Detailed Description

Administrative Structure

Music Resources in the LSU Libraries, reports directly to the Dean of Libraries. It is located as a special operating unit in Middleton Library, the main campus library. It supports all departments within the School of Music.

Historical Context

Until 1986 when the School of Music building opened, the Music Library was in the School of Music and Dramatic Arts. It was a small collection that included only scores and sound recordings. From 1986 until 1996, the materials from the School of Music collection were in storage and all other music materials were in the general collection in Middleton Library. In 1996, Music Resources opened under the direction of Music Librarian Lois Kuyper-Rushing. It is housed in Middleton Library. It contains all music materials including books, scores, journals, reference works, complete editions, monuments of music and all audio-visual materials. 

The staff consists of one full-time professional librarian with over 25 years of library experience (MLS, MM and DMA in oboe performance), one full-time paraprofessional with a doctoral degree in music and more than fifteen years library experience. There are 2 half-time graduate assistants and 2.8 full-time equivalent student assistants. The librarian is responsible for goals, policies, procedures, special projects, collection development and management, training initiatives, and outreach to the campus community. The paraprofessional is responsible for the day-to-day operation of the department including student assistant training, scheduling, and supervision; equipment management and  participating in collection development / management projects. Student assistants staff the service desk where they check books in and out, answer basic reference questions, and demonstrate the use of some databases. They shelve books and generally maintain the collection, work on special projects, and organize gift collections for collection development decisions.

Collection Scope and Organization

The scope and organization of the collection is governed by a detailed collection development policy which can be accessed from the Libraries' home page. Although format of materials is considered, emphasis is on content rather than format.

Information and Instructional Services

Music Resources is open 78 hours a week, seven days per week during the fall and winter semesters. The online catalog and a variety of electronic resources can be accessed 24 hours per day via the Internet. A public service desk is continuously staffed during operating hours. All staff including student assistants are trained in locating materials, answering informational questions, and accessing electronic information. The librarian provides individualized instructional sessions and specialized classroom instruction to graduate and undergraduate students at the request of students or professors. Reference service is also provided by telephone and e-mail.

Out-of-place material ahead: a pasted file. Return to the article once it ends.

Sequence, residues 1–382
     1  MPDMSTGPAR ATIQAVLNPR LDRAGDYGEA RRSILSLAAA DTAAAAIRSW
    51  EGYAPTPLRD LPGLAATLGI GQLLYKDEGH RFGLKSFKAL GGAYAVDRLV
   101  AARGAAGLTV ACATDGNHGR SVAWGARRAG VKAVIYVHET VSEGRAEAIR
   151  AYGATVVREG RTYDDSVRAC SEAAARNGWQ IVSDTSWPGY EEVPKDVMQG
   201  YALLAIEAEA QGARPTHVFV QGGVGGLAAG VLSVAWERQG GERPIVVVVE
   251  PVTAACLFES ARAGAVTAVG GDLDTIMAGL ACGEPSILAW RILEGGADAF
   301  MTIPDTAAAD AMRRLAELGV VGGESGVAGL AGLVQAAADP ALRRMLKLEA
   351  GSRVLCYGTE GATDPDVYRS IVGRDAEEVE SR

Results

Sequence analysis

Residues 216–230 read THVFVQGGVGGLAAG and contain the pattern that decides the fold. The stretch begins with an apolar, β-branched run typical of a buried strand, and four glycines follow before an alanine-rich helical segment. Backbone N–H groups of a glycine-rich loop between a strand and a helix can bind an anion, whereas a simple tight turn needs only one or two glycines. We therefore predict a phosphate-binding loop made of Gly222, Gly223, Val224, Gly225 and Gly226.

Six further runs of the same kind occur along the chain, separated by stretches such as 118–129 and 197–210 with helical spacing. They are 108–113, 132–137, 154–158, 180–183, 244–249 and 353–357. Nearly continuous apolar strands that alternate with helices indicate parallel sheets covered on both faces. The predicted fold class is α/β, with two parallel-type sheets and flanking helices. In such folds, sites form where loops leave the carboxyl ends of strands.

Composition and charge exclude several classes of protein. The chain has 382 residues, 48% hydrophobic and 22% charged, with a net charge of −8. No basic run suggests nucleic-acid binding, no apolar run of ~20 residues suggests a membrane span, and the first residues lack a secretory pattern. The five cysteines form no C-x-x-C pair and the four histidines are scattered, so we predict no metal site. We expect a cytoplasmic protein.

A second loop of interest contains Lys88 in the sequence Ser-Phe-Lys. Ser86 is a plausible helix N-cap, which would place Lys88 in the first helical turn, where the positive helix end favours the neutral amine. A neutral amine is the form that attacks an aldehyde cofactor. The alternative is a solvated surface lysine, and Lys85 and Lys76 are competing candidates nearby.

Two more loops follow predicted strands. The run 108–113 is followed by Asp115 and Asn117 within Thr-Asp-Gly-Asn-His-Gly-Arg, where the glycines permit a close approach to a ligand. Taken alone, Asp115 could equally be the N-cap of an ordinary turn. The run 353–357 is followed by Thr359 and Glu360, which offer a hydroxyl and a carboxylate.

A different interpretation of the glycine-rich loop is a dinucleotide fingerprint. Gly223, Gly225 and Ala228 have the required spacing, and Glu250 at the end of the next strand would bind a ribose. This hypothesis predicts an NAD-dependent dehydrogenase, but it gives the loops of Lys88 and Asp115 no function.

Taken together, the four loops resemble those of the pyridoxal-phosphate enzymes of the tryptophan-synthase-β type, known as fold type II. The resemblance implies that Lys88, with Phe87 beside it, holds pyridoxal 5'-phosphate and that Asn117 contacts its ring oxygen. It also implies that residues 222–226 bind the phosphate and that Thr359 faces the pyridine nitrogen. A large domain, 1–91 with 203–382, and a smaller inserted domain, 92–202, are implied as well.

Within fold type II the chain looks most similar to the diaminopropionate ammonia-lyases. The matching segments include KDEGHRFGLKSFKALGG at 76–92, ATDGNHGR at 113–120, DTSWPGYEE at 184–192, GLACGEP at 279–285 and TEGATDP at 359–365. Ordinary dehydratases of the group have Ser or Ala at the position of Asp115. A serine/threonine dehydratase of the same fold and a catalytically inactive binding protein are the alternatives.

Music Resources has fourteen IBM compatible computers available to patrons which provide access to the library's online public access catalog, the Internet, electronic books, journals, indexes, and databases. They are also used by patrons listening to CDs or sound files provided on the course software program (Moodle) or watching DVDs. Three videocassette players / monitors, two LP players and three audiocassette / CD players are provided, as well as a cart with an LP player and a CD player when this equipment is needed in locations around the library.

Music Resources has a Group Room, capacity 15 people, for classes, meetings, seminars and discussion groups. The room in equipped with CD, audiocassette and LP players as well as a large-screen monitor for videocassettes, DVDs and laser discs. It can be scheduled for semester-long classes or single uses.

The Music Resources website -  - is extensive, viable, and dynamic. The Music Webliography, a bibliography of music websites, is accessible through the Music Resources website.


There is collaboration between the Music Resources and the School of Music faculty.  For example, music faculty members have actively participated in the selection of resources and the donation of materials, as well as the deselection of dated materials.

The audience targeted by Music Resources is primarily university affiliates; however, involvement in non-campus, music-related activities is encouraged. Library borrowing privileges via a temporary library card which can be renewed each year are extended to community members and those affiliated with other universities in the state.